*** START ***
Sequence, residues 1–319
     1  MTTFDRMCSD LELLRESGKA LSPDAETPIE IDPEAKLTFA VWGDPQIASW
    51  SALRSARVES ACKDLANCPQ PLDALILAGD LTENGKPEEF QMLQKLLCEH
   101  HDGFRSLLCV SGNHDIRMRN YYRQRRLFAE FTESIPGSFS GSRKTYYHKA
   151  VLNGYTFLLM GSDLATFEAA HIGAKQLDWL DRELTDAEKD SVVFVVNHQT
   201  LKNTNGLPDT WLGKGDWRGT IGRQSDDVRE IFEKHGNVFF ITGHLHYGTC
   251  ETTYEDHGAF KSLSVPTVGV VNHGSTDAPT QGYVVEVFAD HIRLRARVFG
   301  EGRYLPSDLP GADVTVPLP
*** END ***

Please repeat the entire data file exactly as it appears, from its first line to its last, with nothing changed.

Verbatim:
Sequence, residues 1–319
     1  MTTFDRMCSD LELLRESGKA LSPDAETPIE IDPEAKLTFA VWGDPQIASW
    51  SALRSARVES ACKDLANCPQ PLDALILAGD LTENGKPEEF QMLQKLLCEH
   101  HDGFRSLLCV SGNHDIRMRN YYRQRRLFAE FTESIPGSFS GSRKTYYHKA
   151  VLNGYTFLLM GSDLATFEAA HIGAKQLDWL DRELTDAEKD SVVFVVNHQT
   201  LKNTNGLPDT WLGKGDWRGT IGRQSDDVRE IFEKHGNVFF ITGHLHYGTC
   251  ETTYEDHGAF KSLSVPTVGV VNHGSTDAPT QGYVVEVFAD HIRLRARVFG
   301  EGRYLPSDLP GADVTVPLP